Big spenders hiding in plain sight
We know consumers no longer shop like they used to. Thanks to digital-first competitors like Amazon, retailers can no longer rely on price-slashing tactics, given profit margins are razor thin as it is. As a result, most have adopted an approach that is both profound and interconnected, focusing on establishing a brand connection through new retail touchpoints and expertly curated personalised experiences.
To achieve success through this approach, retailers need to be in a position to track individual customer preferences and profitability, identify and cultivate the high-lifetime-value customers who drive growth, and liberate the retail experience. This can be achieved by letting consumers buy anything they want, anytime, anywhere, in any way they choose.
While these expectations may seem daunting, the good news is that retailers’ best customers are hiding in plain sight. These are the high-value customers who should become retailers’ newest obsession. Not only are they out there, but it is possible to find them using data that most retailers have today.
For retailers, now is the time to undertake a fundamental and radical shift – from “shopkeeper” to “customer keeper”. When a retailer centres its whole business around serving its customers, everything changes. S Group, Finland’s largest retailer, has been collecting detailed shopping data for years through its popular loyalty bonus card, which is held by two-thirds of Finnish consumers. Last year, S Group gave customers access to their shopping history, providing valuable insights for consumers wanting to track their own spending habits. With access to shopping data, customers are offered increased control over its use, and it’s a lesson in building trust with data that many retailers can consider.
Embracing a data-driven mindset and discipline is a significant change for most retailers. But it can be simpler and faster than many might expect, and there are proven steps for achieving it. Retailers need to consider breaking down and integrating functional silos, acquiring data science and analytical skills, fostering a data-driven culture that measures what matters: which customers buy which specific items, where and how.
To generate the maximum value from this data, retailers need to apply analytics on an enterprise scale, across areas including revenue drivers, marketing costs, fulfilment costs and digital levers for customer behaviour.
Despite the obvious advantages data brings, getting data-use right can be a difficult balancing act for retailers. More than two-thirds of consumers (69 per cent) say they do not want to be greeted by name by a store associate they don’t know, and well over half (59 per cent) say the same about them knowing what’s in their online basket or on their wish-list.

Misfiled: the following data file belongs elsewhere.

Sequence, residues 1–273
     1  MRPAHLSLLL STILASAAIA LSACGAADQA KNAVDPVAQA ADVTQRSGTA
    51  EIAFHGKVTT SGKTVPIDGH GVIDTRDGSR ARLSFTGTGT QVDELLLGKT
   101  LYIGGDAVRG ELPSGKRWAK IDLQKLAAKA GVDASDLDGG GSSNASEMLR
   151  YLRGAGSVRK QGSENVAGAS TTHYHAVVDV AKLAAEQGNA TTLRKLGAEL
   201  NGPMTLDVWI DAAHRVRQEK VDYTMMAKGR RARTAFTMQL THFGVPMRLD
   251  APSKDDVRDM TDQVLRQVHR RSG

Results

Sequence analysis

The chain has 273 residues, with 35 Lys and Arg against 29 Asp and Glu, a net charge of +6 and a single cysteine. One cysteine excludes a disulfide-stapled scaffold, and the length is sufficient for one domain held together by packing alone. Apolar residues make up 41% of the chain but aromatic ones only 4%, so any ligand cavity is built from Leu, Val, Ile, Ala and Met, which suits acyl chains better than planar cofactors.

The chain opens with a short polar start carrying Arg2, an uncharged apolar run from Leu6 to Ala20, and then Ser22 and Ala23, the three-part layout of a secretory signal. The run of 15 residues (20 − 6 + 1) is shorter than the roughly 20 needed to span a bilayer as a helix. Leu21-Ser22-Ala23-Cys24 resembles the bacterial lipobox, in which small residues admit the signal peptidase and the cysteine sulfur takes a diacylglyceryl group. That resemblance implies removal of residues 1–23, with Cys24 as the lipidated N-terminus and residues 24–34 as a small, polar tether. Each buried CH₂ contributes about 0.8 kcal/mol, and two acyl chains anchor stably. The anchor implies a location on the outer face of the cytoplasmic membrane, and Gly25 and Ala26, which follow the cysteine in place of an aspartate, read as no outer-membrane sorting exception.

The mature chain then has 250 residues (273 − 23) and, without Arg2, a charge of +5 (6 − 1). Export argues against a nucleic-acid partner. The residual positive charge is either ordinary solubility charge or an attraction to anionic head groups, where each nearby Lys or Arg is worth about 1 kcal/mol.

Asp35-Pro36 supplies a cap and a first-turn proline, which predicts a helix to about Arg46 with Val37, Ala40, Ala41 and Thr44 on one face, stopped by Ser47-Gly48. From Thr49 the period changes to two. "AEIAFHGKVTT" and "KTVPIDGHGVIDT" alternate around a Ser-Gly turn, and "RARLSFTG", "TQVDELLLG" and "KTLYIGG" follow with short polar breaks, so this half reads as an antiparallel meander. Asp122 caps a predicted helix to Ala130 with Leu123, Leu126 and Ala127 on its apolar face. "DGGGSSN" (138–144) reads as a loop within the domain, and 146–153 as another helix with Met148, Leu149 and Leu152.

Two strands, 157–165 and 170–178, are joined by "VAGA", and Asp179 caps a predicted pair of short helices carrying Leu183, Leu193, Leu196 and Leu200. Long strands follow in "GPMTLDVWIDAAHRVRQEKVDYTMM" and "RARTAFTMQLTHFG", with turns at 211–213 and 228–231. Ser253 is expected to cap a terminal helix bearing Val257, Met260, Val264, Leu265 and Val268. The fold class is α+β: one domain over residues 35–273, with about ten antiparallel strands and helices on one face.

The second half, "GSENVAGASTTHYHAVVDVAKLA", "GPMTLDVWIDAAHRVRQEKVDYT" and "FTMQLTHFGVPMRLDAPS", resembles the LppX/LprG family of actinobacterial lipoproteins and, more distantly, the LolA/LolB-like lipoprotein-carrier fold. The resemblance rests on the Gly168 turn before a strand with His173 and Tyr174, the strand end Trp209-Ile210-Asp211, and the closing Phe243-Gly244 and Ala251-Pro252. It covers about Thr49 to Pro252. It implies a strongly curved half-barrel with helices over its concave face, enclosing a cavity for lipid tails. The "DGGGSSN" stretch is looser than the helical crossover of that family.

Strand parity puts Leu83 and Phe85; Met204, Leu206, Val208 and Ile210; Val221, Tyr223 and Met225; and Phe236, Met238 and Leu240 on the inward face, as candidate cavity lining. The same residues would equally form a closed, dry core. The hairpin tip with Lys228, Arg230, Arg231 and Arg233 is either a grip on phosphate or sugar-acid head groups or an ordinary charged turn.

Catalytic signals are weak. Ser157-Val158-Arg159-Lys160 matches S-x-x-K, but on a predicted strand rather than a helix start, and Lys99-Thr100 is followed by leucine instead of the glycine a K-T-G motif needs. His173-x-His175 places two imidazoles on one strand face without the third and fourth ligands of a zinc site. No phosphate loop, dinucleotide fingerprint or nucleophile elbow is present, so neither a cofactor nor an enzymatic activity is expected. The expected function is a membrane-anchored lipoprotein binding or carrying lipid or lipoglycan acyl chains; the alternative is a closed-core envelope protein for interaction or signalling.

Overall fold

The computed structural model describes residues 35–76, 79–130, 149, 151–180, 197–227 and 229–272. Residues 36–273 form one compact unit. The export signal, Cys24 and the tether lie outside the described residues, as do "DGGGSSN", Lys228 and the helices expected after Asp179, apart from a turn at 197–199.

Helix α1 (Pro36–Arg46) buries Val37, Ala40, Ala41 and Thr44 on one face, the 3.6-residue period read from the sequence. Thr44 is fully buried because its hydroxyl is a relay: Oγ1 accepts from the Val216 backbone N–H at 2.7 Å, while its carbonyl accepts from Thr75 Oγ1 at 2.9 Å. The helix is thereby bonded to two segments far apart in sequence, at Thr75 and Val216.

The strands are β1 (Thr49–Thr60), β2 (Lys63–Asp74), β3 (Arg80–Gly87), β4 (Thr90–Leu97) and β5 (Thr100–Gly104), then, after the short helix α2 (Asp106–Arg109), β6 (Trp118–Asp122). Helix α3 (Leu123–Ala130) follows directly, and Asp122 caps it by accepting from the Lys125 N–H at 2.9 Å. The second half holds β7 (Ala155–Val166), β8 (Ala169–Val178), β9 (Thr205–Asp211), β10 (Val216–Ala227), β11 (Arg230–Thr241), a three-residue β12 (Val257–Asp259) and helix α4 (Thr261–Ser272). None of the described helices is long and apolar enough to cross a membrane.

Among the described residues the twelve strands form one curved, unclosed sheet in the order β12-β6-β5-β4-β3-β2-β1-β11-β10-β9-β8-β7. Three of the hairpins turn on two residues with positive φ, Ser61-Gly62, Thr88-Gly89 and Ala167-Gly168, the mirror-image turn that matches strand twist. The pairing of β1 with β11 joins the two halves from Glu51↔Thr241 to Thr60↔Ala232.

Savvy brands are now able to collect, update, and consolidate data from a wide range of consumer channels. It means they acquire a 360-degree view of the customer – and the preferences, motivations, relationships and passions that drive them. In 2013, Woolworths bought a 50 per cent stake in data analytics firm Quantium, and in 2018 opened a new division called WooliesX, combining its data, e-commerce, loyalty and customer-service teams to leverage the information it collects about shoppers in order to establish meaningful relationships and an elevated retail experience.
Data is key to becoming a trusted adviser. By articulating that purpose clearly, consumers will truly know the brand, what it stands for, what it can offer, and how it can enhance their day-to-day life. Retailers must meet consumers where they shop, whether this be in-store or online, in order to create the genuine, meaningful, and personalised products, services, and offers that resonate with their customers.
Finally, retailers must also make sure they are learning the right lessons from their customer data. Only by analysing customer data on an enterprise scale can retailers develop a true picture of how each individual is behaving and how each product is performing. And that is vital for their future profitability.
Michelle Grujin is managing director for Accenture’s ANZ retail practice.
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